A monkey in nurse's scrubs reads Polya's 'How to Solve It' while a bear and pirate look on.
I'm sure it's in here somewhere...

If you work in Ruby, you probably deal with HTTP a lot. There are various ways to see into the actual HTTP requests and debug them. I’d love to mention a few of them to you.

Why do you care?

If everything goes perfectly, you don’t. It’s debugging. So if you never write any bugs, you’re fine.

In case you write bugs like I do, let’s talk debugging.

(By the way: these are just quick methods, not a full dive into any of them. If you want more detail, you can Google about it. Also I wrote a book about that if you like implementing this stuff in Ruby code.)

Seeing Into HTTP

I assume your first line of debugging is the Chrome devtools. They’re pretty good.

The Chrome Inspector, showing the HTTP request properties for a blog post

As you can see there, they’ll show you the HTTP request status, the headers, the response headers and lots of other good stuff. For a random request that’s quite good. And in a browser, where a single page has hundreds of requests, I don’t know that you could do much better.

That gives you pretty limited control of what you send, though. When you care about what you send, you’re probably already using Curl.


Curl is a command-line tool to send HTTP requests of all descriptions. It can do just about anything that HTTP can do, from custom HTTP request methods to file uploads to different data encodings.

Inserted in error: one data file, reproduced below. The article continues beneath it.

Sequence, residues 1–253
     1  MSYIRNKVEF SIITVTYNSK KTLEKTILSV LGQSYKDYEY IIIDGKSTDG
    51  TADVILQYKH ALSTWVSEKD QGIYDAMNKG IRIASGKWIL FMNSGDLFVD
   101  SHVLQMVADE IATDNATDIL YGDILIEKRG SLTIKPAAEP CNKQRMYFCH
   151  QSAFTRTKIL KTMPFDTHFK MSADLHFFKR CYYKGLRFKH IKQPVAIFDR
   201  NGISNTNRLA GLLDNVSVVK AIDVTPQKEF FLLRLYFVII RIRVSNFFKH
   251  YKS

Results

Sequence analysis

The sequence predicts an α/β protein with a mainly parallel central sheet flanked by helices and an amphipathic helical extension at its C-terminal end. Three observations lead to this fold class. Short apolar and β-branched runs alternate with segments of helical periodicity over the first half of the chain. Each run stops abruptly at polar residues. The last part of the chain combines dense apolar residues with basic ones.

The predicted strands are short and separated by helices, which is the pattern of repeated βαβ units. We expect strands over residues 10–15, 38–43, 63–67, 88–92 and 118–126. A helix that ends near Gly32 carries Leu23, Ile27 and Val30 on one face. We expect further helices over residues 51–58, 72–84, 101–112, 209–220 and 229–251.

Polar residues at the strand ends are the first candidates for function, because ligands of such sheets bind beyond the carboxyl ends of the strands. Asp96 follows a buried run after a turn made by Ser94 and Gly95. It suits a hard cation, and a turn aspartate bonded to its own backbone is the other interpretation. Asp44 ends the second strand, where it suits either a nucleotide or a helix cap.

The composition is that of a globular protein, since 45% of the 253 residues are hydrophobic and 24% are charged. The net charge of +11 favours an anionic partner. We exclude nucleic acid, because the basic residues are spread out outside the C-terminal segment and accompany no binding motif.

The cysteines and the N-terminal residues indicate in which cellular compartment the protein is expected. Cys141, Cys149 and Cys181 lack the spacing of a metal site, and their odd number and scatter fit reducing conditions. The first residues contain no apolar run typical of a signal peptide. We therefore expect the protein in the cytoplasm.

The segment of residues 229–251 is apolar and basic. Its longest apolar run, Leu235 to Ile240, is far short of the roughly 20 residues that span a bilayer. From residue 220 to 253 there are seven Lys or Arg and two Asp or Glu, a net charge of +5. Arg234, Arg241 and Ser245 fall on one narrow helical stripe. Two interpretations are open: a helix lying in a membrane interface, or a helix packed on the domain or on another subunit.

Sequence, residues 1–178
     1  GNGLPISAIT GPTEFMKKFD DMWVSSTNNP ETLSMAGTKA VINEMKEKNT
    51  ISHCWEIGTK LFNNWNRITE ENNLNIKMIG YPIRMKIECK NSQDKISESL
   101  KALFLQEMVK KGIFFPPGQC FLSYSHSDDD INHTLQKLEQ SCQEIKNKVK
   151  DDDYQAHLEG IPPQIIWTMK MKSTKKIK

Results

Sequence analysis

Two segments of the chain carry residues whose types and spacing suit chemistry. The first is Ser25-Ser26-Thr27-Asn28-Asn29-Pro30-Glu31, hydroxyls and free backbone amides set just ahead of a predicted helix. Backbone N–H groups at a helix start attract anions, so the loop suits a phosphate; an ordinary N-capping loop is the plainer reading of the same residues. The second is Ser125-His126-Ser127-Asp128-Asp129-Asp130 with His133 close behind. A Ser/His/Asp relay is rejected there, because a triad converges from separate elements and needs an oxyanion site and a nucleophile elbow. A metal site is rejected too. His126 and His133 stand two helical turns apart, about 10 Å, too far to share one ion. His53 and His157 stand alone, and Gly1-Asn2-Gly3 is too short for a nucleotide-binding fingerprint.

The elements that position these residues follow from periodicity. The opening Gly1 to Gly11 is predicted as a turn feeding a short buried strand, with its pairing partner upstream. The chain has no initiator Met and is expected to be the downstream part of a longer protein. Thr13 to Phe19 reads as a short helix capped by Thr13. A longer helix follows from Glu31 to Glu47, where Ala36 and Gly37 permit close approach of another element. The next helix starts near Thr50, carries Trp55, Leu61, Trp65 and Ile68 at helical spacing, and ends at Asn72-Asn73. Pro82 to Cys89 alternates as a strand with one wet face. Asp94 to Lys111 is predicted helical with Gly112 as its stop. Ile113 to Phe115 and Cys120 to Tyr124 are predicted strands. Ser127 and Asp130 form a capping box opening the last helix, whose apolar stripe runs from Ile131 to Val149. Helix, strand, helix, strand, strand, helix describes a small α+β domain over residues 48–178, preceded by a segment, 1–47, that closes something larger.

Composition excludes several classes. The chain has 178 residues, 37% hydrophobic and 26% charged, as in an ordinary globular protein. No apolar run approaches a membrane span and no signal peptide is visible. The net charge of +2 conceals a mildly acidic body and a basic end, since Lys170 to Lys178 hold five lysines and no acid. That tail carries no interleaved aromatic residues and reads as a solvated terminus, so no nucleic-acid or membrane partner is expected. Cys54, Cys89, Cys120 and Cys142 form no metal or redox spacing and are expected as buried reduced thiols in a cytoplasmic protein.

Curl will also give you a lot of debug information if you ask it to. curl –header “Accept: text/javascript” You can start with -v, something like “curl -v -H ‘Accept: text/plain’ http://myserver.mydomain.com”, which will print out what it sends and receives.

You can also use –trace or –trace-ascii to have it write the request to a file in your choice of ASCII or hexadecimal: “curl –trace mytrace.txt https://theserver.domain.io”.

The man page is surprisingly good, especially the examples throughout. And of course it’s very, very Googleable.


Sometimes you don’t want to send HTTP, sometimes you want to receive it. In those cases you can set up a trivial network server and see what gets sent to it.

You’ll usually want to type something like “nc -l localhost 4321”, which starts a listening server on localhost port 4321. Then when you send it a request, you can see everything that gets sent. It’s a great way to examine your HTTP requests in plain text. Of course, it doesn’t help with HTTPS.

There’s one more fun trick to netcat: you can type a response and it will get sent back. You wouldn’t bother with a complicated HTTP response, but it can be a great way to send back an error and see what happens.


Ruby’s simplest server, which was built into Ruby itself until recently, is a solid choice for understanding and debugging. The code is available and surprisingly readable if you’re curious how HTTP is implemented (and again, my book can help a lot with that.) But you can also set up WEBrick to serve local files.

Here’s a link to the one-line version of that code, courtesy of gautamk: https://gist.github.com/gautamk/3186111

It can be heavily customised, though my excellent audience can often write their own little web apps if they need them. You folks are impressive.

But What About…?

This is a really simple roundup of go-to tools, just for quick reference. I’ve barely scratched the surface, ignoring proxy servers, Rack and all its tools and so much more…

But sometimes you’re googling “debug HTTP” because you’ve forgotten how to even start. And here’s this article!